Poems by Letisia Cruz


Image courtesy of Michael. Shared via a Creative Commons license.



You walk in with your crimson
like there’s so much to reap here, so much
to give. Yet here I am
on the usual ground
with this gravity and this sky so dim.
I’ve given it all before.
I’ll do it again.

We sit at the game table counting
misfortunes in the shape of domino tiles:
Red wolves were extinct when you found me.

I was born with a double-nine in my hand—
you called it unluckiest of all
but I’ve always loved the weight of it.




The Best Singer in Camajuani

Six dogs bark at sunrise
louder than any rooster on this island. Out here
canines patrol the patio. Seven descendants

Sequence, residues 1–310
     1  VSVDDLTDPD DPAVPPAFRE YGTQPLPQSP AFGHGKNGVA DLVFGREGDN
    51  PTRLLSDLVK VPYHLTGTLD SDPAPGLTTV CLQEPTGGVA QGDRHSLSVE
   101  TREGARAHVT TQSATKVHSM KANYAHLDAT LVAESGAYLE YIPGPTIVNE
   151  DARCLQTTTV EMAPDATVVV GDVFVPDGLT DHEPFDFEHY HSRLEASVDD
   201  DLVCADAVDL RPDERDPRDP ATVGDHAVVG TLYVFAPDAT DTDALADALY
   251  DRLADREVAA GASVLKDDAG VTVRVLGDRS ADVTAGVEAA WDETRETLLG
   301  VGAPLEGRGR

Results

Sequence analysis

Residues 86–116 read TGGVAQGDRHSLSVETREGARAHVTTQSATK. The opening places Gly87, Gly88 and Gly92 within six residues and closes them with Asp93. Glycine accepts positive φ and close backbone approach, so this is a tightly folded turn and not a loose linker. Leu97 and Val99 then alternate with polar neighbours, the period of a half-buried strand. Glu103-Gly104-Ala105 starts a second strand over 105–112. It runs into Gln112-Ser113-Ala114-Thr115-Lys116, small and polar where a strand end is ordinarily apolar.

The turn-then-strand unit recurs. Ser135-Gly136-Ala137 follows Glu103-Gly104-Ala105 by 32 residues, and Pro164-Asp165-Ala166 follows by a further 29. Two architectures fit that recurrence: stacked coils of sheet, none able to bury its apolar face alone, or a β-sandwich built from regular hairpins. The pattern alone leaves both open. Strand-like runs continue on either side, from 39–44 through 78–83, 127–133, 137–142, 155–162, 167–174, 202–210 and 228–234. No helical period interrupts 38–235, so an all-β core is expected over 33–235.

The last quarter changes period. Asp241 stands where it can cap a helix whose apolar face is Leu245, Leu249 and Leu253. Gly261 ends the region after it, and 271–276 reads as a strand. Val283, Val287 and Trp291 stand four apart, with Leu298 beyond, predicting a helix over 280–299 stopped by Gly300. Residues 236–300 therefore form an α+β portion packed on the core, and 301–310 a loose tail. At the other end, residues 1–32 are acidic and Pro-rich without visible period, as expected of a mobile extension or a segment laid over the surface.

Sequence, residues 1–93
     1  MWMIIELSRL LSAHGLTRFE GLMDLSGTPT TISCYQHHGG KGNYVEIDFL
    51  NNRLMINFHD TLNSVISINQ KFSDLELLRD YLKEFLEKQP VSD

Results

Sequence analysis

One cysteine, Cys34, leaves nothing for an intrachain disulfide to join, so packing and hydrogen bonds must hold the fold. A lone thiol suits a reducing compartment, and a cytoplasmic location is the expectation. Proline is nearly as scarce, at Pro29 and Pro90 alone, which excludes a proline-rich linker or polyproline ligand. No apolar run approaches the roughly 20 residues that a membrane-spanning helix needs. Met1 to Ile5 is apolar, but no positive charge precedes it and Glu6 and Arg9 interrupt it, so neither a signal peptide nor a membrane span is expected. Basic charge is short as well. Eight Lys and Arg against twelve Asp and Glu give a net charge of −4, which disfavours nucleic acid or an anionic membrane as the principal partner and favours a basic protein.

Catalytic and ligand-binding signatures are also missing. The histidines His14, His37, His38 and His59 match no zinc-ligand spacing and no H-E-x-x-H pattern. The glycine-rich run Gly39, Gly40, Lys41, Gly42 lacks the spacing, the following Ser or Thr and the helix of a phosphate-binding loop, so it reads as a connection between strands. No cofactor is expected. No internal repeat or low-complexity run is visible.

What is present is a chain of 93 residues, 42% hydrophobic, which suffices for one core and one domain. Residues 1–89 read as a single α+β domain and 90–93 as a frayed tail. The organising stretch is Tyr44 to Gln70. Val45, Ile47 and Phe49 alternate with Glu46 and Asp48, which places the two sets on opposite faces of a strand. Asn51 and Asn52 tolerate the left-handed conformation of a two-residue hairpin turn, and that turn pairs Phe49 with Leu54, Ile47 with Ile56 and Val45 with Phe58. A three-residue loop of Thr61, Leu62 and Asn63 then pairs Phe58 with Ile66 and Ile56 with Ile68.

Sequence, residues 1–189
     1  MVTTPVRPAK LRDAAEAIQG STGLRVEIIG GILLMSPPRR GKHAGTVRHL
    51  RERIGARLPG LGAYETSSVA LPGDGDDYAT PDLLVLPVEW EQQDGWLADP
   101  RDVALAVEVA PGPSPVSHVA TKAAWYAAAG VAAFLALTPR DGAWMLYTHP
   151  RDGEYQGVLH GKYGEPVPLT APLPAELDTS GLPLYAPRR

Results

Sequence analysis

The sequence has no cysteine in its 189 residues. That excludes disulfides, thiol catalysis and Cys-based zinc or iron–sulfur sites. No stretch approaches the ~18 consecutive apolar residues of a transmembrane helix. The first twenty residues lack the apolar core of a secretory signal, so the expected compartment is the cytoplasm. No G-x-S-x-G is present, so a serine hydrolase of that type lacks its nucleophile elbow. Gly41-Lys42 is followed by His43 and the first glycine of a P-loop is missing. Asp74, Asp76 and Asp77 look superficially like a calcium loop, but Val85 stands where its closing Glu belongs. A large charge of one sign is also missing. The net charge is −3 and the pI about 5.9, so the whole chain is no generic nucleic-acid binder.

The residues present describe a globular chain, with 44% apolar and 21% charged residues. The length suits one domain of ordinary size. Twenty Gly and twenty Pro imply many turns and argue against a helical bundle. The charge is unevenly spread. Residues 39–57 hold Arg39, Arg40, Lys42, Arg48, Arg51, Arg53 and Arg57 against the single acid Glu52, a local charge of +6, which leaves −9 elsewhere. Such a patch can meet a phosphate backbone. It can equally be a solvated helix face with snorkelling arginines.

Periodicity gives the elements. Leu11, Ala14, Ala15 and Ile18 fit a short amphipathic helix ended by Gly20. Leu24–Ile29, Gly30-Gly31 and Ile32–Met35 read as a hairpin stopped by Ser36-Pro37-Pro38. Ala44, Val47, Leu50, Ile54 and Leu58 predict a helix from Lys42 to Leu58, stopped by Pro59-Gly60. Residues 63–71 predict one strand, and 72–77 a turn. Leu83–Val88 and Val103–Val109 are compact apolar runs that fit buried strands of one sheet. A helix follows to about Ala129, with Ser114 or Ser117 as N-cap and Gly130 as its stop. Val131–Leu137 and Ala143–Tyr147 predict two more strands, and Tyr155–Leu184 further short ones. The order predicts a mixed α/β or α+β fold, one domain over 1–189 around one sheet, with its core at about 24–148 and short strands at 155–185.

of African wildcats roam the living room;
they growl beneath doors.

The woman dries her hands
on her lap. Sparks her cigar. Over the sink
she carves pig guts, serves thirteen bowls
evenly. Then pushes the needle
over the record and hums,
silencing them all.

Back in their shacks,
grown men growl at sunset.
Island guards patrol the streets.
Equality served—no matter
their appetite,
she will bury them all.




Letisia Cruz is a Cuban-born writer and illustrator. She is a graduate of Fairleigh Dickinson University’s MFA program and currently lives in Miami, FL.